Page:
There is an old episode of The Simpsons in which Homer is falsely accused of sexual harassment after reaching for a gummy bear that is stuck to a lady’s backside. At the end of the episode, Marge asks Homer what he has learnt from his experience. Homer replies: “Marge, I haven’t learnt a thing.”
The same is apparently true of Stephen Schwarzman, a private equity titan and chief executive of Blackstone. Asked to pen a Wall Street Journal column this week, he responded with a “let them eat cake” diatribe so tone deaf it would have shamed JP Morgan’s Jamie Dimon … OK, maybe not. But still. Close.
For the uninitiated, Mr Schwarzman is a very successful private equity investor, responsible for turning Blackstone into one of the most respected (and feared) names on Wall Street. The personal fortune he has amassed for himself is staggering at around $12bn (£7.5bn), more than double what KKR’s Henry Kravis and Apollo’s Leon Black have made. His investors have made a pretty penny too.
However, success doesn’t mean he isn’t a sandwich short of a picnic: not long ago he also claimed that asking the wealthy to pay a slightly higher rate of tax was like a Nazi invasion. Maybe two sandwiches short.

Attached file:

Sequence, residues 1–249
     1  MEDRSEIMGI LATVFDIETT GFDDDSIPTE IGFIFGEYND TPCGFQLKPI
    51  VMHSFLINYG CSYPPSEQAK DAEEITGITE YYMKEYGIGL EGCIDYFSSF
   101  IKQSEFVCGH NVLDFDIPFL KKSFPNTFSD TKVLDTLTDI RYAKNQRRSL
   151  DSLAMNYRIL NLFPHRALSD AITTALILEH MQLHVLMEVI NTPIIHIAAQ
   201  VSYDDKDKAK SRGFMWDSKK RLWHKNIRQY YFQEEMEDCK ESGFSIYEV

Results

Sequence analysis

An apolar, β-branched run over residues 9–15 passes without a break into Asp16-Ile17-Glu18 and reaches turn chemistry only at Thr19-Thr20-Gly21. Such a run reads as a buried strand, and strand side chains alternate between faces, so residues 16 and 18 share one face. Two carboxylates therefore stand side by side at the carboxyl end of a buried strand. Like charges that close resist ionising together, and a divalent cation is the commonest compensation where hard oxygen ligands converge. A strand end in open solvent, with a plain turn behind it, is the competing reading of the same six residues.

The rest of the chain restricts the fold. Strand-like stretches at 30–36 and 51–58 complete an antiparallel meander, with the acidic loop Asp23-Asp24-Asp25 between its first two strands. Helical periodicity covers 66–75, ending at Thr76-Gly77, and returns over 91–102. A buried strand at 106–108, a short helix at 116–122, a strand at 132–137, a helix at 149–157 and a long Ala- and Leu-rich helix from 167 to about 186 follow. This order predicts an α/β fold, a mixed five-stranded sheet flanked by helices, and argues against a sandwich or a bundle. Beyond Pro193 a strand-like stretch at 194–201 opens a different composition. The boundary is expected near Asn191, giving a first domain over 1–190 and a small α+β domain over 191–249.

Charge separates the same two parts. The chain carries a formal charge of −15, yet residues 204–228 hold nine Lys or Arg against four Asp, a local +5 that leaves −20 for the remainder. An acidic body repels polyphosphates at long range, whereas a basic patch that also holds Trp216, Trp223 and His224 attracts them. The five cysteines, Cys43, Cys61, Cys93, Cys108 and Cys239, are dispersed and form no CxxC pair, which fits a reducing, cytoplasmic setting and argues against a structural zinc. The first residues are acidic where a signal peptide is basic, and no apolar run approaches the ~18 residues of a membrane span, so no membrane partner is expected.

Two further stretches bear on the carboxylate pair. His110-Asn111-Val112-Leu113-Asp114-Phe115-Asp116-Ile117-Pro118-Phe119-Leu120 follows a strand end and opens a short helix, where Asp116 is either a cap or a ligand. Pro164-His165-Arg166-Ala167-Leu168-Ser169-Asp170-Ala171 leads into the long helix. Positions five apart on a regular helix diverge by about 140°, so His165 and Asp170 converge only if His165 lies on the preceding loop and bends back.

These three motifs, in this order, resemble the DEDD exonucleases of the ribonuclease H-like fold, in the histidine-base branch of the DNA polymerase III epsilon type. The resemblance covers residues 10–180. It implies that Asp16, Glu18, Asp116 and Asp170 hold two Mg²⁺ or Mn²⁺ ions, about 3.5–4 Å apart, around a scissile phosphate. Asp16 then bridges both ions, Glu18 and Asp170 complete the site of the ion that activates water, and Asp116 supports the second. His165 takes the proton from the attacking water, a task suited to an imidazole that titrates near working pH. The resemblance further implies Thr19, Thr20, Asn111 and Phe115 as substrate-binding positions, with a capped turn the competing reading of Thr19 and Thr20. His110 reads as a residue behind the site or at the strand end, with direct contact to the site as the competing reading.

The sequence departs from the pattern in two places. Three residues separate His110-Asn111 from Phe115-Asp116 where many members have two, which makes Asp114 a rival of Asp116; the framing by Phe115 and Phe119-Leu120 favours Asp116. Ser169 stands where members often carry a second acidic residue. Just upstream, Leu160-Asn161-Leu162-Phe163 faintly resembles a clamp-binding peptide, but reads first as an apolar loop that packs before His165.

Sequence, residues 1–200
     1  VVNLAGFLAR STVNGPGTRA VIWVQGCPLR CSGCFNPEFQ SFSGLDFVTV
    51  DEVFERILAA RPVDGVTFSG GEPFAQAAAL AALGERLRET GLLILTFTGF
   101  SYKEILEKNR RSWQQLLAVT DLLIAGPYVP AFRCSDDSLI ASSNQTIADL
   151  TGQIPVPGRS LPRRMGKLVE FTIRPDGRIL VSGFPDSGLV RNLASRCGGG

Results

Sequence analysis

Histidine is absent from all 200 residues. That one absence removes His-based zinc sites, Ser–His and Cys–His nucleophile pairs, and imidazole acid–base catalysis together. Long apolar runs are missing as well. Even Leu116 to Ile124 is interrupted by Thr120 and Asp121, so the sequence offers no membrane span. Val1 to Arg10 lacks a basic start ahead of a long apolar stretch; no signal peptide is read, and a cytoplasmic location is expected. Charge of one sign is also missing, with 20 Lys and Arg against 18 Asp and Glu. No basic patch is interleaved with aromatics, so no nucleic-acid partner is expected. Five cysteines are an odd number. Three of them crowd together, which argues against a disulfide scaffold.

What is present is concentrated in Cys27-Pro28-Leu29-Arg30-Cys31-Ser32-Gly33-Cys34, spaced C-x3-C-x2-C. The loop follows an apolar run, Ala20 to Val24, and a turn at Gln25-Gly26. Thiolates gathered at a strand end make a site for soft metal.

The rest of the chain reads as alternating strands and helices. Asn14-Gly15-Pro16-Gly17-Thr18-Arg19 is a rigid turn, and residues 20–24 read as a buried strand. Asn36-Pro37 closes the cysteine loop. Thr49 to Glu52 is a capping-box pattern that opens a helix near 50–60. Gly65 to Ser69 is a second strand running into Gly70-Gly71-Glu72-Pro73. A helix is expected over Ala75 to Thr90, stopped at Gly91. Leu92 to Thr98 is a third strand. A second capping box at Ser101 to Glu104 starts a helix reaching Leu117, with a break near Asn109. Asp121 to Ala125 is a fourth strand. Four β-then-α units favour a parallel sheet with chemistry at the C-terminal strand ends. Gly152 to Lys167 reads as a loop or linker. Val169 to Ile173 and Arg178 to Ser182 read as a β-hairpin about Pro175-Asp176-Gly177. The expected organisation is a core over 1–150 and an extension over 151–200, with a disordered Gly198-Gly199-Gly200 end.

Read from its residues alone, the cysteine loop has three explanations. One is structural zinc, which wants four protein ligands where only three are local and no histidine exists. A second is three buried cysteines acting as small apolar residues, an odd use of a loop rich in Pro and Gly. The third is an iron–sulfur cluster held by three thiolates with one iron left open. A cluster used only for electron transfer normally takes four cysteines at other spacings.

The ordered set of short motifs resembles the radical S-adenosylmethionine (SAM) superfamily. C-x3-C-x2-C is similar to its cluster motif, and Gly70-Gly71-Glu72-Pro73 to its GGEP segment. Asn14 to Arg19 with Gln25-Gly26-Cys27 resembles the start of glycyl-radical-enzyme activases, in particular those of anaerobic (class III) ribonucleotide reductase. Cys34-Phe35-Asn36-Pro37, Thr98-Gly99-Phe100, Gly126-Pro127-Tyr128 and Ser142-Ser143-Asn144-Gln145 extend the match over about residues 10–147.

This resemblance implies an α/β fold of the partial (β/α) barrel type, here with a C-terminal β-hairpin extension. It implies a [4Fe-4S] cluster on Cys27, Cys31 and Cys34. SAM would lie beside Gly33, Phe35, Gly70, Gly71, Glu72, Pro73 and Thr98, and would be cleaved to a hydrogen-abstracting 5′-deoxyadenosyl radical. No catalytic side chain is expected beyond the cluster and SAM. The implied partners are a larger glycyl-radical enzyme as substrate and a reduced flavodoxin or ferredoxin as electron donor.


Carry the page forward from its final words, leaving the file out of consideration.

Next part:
“How the next financial crisis will happen”, Mr Schwarzman’s Wall Street Journal piece, was a lament for times past – a time when banks could happily do what they liked with customers’ money, safe in the knowledge that regulators didn’t care or could easily be beaten into submission. That included being able to bet the house on esoteric derivative instruments with self-destruct functions. It was a time before the fall of Bear Stearns and Lehman Brothers, before the banking industry killed the goose that laid the golden egg, and before “too big to fail.”
In short, if only you plebs would trust banks to make sure nothing bad happened, nothing bad would happen. The memory-impaired Mr Schwarzman is particularly unhappy about the Volcker Rule, which prevents banks from engaging in proprietary trading. This means trading with a bank’s own funds (in other words, its customers’ deposits), and betting on one financial instrument or against another. And yes, it is gambling, but it is not their money to lose, so why worry about semantics.